Peter Costello has suddenly found himself embroiled in the biggest probity scandal of his career. That’s the only conclusion you can draw from the sheer scale of the media commentary flowing from yesterday’s five-page special investigation king hit by The AFR on tax dodger Rob Gerard.

The reaction started relatively slowly when AM ran the story sixth yesterday and later The World Today dropped off it completely. But Crikey led strongly with the story at 1.33pm yesterday and then the Opposition strategically devoted its entire Question Time attack to the issue from 2pm. John Howard received three of Labor’s 10 questions and tried laughing at Labor’s strategy, but got the issue dead wrong when he declared:

You are having a bad day. You gave yesterday away. Now what are we – at three o’clock and not a question on IR! I don’t understand it. The relevant point about the dispute between Mr Gerard and the Australian Taxation Office is that, by hand of the letter from the commissioner, all the outstanding matters were resolved. So what is the fuss all about?

Firstly, a glimpse at the huge coverage in today’s papers shows that this is a major problem for the government. Secondly, the PM has actually misled the house because “all the outstanding matters” were not resolved. There were never any outstanding matters about Mr Gerard’s “personal affairs,” which is what the Commissioner’s letter to Costello referred to.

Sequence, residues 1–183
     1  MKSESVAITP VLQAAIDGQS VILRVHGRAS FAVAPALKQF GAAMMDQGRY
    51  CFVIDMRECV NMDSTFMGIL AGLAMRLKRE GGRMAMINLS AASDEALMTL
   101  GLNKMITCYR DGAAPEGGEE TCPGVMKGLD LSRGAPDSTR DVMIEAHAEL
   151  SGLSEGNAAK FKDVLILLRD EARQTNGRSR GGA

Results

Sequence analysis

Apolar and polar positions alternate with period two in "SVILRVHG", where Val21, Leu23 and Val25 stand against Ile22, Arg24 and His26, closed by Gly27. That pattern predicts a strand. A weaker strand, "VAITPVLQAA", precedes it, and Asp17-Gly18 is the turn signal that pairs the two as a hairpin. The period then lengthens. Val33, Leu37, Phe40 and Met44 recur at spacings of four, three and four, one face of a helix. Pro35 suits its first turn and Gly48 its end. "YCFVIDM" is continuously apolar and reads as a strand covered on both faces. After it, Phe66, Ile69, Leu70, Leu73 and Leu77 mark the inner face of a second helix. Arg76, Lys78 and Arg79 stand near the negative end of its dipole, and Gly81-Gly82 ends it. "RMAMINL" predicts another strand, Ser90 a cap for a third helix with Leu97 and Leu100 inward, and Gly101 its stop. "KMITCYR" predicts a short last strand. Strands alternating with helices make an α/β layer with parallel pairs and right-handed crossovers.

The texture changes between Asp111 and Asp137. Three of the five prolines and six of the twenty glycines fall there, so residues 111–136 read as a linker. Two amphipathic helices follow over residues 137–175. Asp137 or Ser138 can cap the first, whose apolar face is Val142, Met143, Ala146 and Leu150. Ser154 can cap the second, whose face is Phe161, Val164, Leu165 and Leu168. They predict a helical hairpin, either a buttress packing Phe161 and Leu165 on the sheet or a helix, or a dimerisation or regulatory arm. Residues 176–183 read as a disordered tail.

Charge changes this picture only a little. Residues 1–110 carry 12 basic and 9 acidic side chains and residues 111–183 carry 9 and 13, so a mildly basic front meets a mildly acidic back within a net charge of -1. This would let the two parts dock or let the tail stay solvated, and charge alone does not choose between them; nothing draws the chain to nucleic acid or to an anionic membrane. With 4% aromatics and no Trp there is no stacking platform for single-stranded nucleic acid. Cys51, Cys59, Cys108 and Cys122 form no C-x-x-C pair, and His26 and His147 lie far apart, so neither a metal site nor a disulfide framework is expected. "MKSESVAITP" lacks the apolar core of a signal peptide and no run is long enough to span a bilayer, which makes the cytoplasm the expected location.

Despite the PM’s prediction that Labor was “having a bad day,” the story made most of the television news bulletins last night and was elevated to lead story on PM, The 7.30 Report and Latelinelast night,which also interviewed Wayne Swan.

Nor is this simply an anti-Government ABC conspiracy, because the Murdoch press has grabbed the story with great gusto. The Australian was particularly savage with no less than nine stories, three of them on page one, including this broad attack on Costello’s failure record by George Megalogenis.

While Alan Wood’s commentary was measured, perhaps reflecting a drip he sometimes gets from the RBA, even he assessed Gerard to be in breach of the central bank’s code of conduct that directors have “an unparalleled reputation for integrity and propriety in all respects.”

News Ltd stablemate Terry McCrann was typically more direct when he said Gerard should do the decent thing and resign now because he certainly won’t be reappointed in two years after his “aggressive” tax planning was revealed to the world. “You end up making a $150 million settlement with the Tax Office, I think your behaviour qualifies as aggressive,” wrote McCrann.

The AFR sensibly had some artillery left in reserve for day two of its special investigation and that was Gerard’s plea to then Attorney General Daryl Williams in 2002 to call the ATO’s attack dogs off. Williams told the paper he was “not sure” if he was aware of the dispute at the time and Costello told AM this morning that whilst he was not aware of it, taxpayers have a right to complain to their elected representatives. Read the Costello transcript here.

The World Today also led with the story this afternoon, as did The Age and The SMH this morning, although Peter Hartcher argued it will not harm Costello’s prime ministerial ambitions.

All up, the issue has generated remarkable heat given the Van Nguyen, terror and IR debates which are still running strongly. Clearly, there is something really smelly about rewarding a tax dodging Liberal Party donor with the most prestigious directorship that a government can dish out and then declaring there is no problem whatsoever.